London: Thornton Butterworth Limited, 1937. First edition, first printing. Hardcover. This is the British first edition, first printing of Great Contemporaries, Churchill's much-praised collection of insightful essays about 21 leading personalities of the day - including the likes of Lawrence, Shaw, and, most famously, Hitler.
This copy is a particularly clean unjacketed example, in better than very good plus condition. The blue cloth binding proved quite susceptible to sunning. Hence most unjacketed copies have pronounced spine fade. This copy’s blue cloth binding is not only notably square, tight, and clean, but also notably bright, with only a barely discernible hint of the customary spine toning. Shelf presentation is excellent and the binding retains sharp corners with only hints of trivial shelf wear confined to extremities. The contents explain the exceptionally clean state of the binding; differential toning to the endpapers corresponding to dust jacket flaps indicates that this copy was long protected by its dust jacket, now absent. The contents are clean, with no previous ownership marks. Light spotting is primarily confined to the fore and bottom edges. The blue topstain retains strong, uniform color.
The character sketches herein offer remarkable portraits of both their subjects and the author. Churchill's piece about Hitler can be a shock to the modern ear, as it underscores his ability to write a balanced appraisal of his subject while expressing his earnest desire to avoid the war that he would fight with such ferocious resolve only a few years later. There is a reason this book has seen many subsequent editions in the intervening years. It was written with what has been called "penetrating evaluation, humor, and understanding." Churchill's balanced and nuanced perspectives provide salutary contrast to many of today's more polemic writers. And naturally, in the course of sketching the character of his contemporaries Churchill necessarily reveals some of his own character and perspective.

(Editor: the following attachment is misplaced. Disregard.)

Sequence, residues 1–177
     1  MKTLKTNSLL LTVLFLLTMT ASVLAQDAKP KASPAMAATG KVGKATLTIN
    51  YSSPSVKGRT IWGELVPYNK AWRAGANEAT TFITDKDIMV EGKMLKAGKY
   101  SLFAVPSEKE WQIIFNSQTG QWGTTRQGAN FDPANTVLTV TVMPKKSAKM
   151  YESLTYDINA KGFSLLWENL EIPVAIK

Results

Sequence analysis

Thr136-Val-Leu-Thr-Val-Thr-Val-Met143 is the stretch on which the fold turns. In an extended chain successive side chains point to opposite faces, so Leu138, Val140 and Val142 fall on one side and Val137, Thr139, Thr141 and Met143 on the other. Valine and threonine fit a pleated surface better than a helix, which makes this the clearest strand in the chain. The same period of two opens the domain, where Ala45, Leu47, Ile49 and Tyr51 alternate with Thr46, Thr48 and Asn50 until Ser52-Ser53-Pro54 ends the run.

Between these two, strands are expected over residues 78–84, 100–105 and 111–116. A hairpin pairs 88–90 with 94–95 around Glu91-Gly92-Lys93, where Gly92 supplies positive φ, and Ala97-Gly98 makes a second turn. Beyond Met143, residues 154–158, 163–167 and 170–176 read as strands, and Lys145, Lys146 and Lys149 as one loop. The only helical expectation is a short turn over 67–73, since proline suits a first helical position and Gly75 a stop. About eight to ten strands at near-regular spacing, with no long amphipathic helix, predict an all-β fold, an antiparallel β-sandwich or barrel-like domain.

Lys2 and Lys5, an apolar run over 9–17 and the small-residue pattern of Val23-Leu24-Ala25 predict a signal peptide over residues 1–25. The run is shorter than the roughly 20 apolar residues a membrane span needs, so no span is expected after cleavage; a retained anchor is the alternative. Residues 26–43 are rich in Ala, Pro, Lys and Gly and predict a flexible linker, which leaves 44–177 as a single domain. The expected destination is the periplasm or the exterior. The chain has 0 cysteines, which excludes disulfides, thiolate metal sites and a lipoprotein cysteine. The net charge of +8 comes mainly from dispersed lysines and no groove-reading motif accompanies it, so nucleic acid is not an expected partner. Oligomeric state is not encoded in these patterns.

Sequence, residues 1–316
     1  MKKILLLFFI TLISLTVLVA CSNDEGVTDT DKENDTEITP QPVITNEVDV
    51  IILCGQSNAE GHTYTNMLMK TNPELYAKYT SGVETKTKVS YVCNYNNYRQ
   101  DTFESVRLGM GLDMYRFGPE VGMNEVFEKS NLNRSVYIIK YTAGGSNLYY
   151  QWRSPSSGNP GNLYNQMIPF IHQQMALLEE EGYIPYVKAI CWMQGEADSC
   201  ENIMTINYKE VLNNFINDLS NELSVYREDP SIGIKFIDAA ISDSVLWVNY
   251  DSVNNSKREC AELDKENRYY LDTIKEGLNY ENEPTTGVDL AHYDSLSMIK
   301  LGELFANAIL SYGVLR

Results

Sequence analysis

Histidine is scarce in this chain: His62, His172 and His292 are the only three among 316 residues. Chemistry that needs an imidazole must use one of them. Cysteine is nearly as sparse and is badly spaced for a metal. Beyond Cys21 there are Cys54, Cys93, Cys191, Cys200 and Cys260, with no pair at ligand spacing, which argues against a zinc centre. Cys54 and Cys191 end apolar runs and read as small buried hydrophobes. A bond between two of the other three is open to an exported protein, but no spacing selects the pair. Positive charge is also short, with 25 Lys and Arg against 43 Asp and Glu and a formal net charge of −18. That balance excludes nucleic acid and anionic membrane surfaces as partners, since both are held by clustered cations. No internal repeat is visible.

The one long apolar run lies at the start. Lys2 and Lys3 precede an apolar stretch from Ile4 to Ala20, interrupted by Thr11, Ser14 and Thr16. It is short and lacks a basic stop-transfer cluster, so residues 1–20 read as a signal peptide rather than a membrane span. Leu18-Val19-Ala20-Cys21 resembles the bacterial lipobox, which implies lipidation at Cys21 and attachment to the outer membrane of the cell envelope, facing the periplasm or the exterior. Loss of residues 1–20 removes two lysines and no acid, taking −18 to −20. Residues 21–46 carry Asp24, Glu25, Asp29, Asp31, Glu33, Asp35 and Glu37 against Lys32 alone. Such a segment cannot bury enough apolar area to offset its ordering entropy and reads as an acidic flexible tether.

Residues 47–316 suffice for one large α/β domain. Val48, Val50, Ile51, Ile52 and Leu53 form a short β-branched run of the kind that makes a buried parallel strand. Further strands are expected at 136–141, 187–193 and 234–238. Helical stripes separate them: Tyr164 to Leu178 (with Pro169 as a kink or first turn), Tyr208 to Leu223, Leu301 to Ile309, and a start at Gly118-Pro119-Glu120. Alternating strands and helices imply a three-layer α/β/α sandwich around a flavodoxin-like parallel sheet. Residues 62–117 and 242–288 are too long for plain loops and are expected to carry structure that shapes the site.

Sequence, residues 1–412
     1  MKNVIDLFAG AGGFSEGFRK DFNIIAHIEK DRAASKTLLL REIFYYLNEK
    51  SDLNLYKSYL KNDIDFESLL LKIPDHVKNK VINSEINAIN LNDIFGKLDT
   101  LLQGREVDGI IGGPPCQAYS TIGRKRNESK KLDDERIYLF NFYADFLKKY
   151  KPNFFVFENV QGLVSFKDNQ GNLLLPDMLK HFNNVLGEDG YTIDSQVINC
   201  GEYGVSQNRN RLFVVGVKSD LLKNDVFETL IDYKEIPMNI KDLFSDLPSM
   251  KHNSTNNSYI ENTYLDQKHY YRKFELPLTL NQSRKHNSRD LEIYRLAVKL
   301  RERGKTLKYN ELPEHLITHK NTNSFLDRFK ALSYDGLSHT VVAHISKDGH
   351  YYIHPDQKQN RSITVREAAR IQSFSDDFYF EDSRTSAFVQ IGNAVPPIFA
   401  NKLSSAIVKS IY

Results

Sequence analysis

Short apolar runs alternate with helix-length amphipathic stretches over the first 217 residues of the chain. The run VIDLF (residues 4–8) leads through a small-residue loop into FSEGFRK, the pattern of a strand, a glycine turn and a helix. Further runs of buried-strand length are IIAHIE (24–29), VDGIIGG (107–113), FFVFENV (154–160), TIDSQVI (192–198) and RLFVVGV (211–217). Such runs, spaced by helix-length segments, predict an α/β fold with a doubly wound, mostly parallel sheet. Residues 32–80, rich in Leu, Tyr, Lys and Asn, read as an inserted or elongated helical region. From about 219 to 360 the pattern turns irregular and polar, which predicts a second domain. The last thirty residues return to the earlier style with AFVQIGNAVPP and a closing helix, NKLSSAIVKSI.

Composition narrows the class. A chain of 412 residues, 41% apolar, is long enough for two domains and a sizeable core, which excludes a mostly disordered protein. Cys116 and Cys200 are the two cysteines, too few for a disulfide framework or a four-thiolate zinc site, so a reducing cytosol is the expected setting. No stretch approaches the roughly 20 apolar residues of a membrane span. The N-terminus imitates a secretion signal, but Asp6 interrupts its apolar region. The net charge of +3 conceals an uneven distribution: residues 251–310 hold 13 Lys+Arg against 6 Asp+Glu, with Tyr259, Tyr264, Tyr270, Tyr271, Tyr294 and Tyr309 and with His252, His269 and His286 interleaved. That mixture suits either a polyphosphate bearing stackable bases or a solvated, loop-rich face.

Churchill's portrait of T.E. Lawrence, published here just a few years before the Second World War, might well have been written about the author rather than by him: "The impression of the personality of Lawrence remains living and vivid upon the minds of his friends, and the sense of his loss is in no way dimmed among his countrymen. All feel the poorer that he has gone from us. In these days dangers and difficulties gather upon Britain and her Empire, and we are also conscious of a lack of outstanding figures with which to overcome them. Here was a man in whom there existed not only an immense capacity for service, but that touch of genius which everyone recognizes and no one can define." (Great Contemporaries, p.164) While some of the subjects of Churchill's sketches have receded into history, many remain well-known and all remain compellingly drawn.
Reference: Cohen A105.1.a, Woods/ICS A43(a.1), Langworth p.178. Item #007051